I guess I was just one of those type of people. I felt like I help people play the game, even when I played, because I feel like I could see it at a level that I guess coaches do. So yeah, but yeah, to answer that question, I think it was kind of in the veins pretty early on.

[00:09:56] Mike Klinzing: Talk a little bit about your professional career in Australia, what that was like, what your experiences were and just give us maybe a highlight or something that you’re always going to remember that you’re going to take with you for the rest of your life, from that professional career.

[00:10:09] Aaron Fearne: Yeah. So  I was finishing up my senior year at Mayville state. And we had a, I guess I had a relationship with a guy Nails Pop, who his dad, Rob Pop coached. In Wisconsin and now, and was coaching in Australia at the time. And we did like a little tryout in winter and Wynonna, and he was at the time coaching a division two program, like a semiprofessional program in Australia.

And I never, I don’t know why I felt this way. I wanted to go to Australia to try and play at that level, then go back to New Zealand and play. And so that’s the journey that I went and in college a small NAIA division two basketball, I was playing like a power forward Forward position.

I got to Australia and started playing with, you know, men and went probably a little smaller to play that position, you know? And so I had to really improve my perimeter skills and my perimeter shooting. And I worked really hard at. That first year that I played on that team, we actually won the national championship the Australian national championship at the time for a semi-professional division two basketball in Australia, which was obviously a, a huge, a huge highlight, you know, cause Cannes Australia is on the very far north, east coast of Australia and the tropics it’s in a city of 150,000 people.

And you know, the, the kind of the Mecca of basketball in Australia is Melbourne Australia. And so, you know that the talent and the competitiveness and just the sheer numbers of who plays is really high at that end of the con at the bottom of the country. And, you know, we’re taking on the rest of the country and won a championship.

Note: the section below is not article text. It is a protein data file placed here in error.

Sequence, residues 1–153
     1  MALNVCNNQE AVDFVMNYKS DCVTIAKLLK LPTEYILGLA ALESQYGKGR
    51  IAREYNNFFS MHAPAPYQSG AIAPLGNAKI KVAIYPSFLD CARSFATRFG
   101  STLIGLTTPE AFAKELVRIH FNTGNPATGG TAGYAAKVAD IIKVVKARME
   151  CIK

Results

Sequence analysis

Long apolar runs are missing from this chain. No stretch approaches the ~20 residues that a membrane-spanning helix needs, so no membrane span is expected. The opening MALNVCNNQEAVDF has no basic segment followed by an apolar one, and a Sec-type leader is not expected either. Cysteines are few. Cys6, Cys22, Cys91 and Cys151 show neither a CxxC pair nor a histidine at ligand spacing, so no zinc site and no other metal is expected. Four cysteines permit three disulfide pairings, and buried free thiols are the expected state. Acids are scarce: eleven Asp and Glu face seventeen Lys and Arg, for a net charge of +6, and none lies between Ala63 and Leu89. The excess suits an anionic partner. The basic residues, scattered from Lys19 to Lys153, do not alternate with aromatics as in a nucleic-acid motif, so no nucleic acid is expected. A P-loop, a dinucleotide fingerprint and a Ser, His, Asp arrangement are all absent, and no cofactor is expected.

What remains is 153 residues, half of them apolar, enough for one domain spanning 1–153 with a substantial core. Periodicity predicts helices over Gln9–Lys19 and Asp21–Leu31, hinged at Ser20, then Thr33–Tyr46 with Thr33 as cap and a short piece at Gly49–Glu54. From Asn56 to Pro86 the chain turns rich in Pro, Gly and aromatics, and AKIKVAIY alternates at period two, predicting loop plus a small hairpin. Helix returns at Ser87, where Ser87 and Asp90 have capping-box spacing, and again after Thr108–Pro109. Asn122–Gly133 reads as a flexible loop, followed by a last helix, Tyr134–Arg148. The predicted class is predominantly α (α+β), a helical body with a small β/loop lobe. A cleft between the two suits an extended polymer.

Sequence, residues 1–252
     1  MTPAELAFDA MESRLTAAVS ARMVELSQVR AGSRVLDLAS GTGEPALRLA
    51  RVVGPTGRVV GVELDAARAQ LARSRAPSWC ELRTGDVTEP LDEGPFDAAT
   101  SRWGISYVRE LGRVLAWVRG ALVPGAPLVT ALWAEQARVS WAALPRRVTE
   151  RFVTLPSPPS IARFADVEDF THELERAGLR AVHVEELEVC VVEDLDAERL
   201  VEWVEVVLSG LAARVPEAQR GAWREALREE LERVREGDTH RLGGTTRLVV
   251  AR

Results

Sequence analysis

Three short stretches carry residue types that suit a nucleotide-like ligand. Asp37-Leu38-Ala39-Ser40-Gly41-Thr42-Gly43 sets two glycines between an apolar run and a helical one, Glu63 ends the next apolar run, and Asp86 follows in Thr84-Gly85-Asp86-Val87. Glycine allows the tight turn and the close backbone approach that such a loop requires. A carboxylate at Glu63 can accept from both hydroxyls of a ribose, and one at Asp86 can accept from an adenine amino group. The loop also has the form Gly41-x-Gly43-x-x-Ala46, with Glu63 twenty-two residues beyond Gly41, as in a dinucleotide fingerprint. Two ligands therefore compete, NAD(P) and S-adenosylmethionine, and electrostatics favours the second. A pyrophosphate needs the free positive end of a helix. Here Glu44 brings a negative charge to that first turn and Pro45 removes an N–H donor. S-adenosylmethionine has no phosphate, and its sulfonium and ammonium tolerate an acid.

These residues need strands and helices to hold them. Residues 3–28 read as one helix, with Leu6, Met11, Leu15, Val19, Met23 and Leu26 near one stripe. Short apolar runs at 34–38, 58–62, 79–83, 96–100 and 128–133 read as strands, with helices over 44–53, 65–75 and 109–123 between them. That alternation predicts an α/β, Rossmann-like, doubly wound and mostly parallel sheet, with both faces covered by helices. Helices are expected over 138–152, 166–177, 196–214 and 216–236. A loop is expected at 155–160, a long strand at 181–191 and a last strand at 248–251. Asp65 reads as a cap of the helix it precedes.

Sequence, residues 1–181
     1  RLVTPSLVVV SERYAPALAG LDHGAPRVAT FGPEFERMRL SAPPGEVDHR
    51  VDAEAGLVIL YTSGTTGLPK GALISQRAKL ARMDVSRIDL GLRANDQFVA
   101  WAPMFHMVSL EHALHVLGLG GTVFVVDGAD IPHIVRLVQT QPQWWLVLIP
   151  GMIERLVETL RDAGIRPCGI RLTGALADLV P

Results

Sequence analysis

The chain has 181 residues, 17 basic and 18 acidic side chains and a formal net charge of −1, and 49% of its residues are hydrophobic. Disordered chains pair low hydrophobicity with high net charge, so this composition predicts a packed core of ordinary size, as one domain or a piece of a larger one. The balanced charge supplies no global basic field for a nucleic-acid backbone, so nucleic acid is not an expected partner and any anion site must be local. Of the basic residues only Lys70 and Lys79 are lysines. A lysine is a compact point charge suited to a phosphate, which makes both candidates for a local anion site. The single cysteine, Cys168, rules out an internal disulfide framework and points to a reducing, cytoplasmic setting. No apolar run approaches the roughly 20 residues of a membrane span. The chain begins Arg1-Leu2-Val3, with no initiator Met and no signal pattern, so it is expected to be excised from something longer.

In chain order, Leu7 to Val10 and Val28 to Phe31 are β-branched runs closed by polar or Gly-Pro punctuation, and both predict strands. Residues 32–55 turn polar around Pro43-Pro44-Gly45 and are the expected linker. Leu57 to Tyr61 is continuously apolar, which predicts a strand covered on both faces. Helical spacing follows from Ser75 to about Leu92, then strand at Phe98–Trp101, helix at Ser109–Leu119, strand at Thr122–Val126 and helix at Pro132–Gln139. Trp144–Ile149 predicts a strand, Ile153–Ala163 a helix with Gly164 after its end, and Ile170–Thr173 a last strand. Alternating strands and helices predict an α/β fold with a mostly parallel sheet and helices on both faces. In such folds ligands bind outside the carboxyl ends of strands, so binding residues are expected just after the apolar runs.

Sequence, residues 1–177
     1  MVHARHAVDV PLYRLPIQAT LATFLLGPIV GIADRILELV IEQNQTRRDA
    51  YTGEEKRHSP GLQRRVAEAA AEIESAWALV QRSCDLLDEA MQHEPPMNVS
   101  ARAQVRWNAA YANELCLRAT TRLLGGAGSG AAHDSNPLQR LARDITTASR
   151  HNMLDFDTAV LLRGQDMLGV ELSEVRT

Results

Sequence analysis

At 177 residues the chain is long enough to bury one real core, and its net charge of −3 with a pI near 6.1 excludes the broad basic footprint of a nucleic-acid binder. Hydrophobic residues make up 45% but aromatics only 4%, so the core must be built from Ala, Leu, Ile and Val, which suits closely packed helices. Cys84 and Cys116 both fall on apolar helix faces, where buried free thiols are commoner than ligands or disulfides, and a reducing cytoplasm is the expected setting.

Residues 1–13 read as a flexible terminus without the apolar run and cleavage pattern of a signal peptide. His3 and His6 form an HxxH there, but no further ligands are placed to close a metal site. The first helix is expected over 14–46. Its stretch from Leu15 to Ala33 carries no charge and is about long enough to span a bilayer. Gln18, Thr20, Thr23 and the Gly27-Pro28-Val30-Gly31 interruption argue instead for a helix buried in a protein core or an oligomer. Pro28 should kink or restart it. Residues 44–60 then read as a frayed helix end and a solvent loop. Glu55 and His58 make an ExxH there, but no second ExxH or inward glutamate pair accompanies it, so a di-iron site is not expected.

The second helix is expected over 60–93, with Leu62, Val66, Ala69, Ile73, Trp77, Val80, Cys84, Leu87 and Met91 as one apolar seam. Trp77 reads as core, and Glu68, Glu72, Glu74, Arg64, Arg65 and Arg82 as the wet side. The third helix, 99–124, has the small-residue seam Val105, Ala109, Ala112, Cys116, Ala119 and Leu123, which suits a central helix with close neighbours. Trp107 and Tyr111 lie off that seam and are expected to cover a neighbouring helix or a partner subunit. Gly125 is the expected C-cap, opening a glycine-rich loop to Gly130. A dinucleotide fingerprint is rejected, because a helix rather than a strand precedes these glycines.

You know, coach pop was. How would I describe him maybe a little Bobby Knightish, the way he coached, you know, it was very demanding required, an amazing discipline, you know, we played motion, but I just think getting back to what I said earlier, just having that feel for the game. And I totally understood where it came from, felt like I had the understanding of what he wanted and how the game should be played, you know, play a movement ball movement, you know, we played on offense.

So I felt like I understood that well, and, you know, we had American imports on our team and as you know, as as imports are all around the world these days, it was no different for our team. And so we did that for a year. And then at the end of that year the Cairns Taipans got and got accepted into the NBL, which is obviously the top level in Australia.

And I was fortunate enough to make that team. And the first year in 2000 and no, 1999, 2000 was the first year. After that first season of the NBL, which we really struggled coach pop got, let go. And a new coach came in and I played for guy Malloy. Who’s a huge mentor of mine these days.